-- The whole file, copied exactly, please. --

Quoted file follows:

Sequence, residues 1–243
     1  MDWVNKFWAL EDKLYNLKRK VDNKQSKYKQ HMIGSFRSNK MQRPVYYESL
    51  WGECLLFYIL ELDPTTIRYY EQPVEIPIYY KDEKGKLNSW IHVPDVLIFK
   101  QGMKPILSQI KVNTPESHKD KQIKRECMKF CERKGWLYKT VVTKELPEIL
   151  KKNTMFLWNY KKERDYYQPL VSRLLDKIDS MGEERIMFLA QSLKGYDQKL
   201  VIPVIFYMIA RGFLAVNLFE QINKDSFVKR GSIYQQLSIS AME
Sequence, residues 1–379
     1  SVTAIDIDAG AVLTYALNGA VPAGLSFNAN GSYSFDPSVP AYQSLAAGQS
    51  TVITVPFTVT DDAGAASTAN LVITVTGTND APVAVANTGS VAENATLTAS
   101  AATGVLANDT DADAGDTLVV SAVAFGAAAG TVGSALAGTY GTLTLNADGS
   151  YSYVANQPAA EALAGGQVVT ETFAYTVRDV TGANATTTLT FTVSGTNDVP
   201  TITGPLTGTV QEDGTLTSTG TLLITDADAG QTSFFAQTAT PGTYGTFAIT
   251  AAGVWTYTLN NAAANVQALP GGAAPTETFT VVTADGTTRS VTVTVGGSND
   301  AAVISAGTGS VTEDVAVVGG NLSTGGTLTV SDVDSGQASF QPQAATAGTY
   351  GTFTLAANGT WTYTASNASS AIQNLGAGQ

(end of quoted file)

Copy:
Sequence, residues 1–243
     1  MDWVNKFWAL EDKLYNLKRK VDNKQSKYKQ HMIGSFRSNK MQRPVYYESL
    51  WGECLLFYIL ELDPTTIRYY EQPVEIPIYY KDEKGKLNSW IHVPDVLIFK
   101  QGMKPILSQI KVNTPESHKD KQIKRECMKF CERKGWLYKT VVTKELPEIL
   151  KKNTMFLWNY KKERDYYQPL VSRLLDKIDS MGEERIMFLA QSLKGYDQKL
   201  VIPVIFYMIA RGFLAVNLFE QINKDSFVKR GSIYQQLSIS AME
Sequence, residues 1–379
     1  SVTAIDIDAG AVLTYALNGA VPAGLSFNAN GSYSFDPSVP AYQSLAAGQS
    51  TVITVPFTVT DDAGAASTAN LVITVTGTND APVAVANTGS VAENATLTAS
   101  AATGVLANDT DADAGDTLVV SAVAFGAAAG TVGSALAGTY GTLTLNADGS
   151  YSYVANQPAA EALAGGQVVT ETFAYTVRDV TGANATTTLT FTVSGTNDVP
   201  TITGPLTGTV QEDGTLTSTG TLLITDADAG QTSFFAQTAT PGTYGTFAIT
   251  AAGVWTYTLN NAAANVQALP GGAAPTETFT VVTADGTTRS VTVTVGGSND
   301  AAVISAGTGS VTEDVAVVGG NLSTGGTLTV SDVDSGQASF QPQAATAGTY
   351  GTFTLAANGT WTYTASNASS AIQNLGAGQ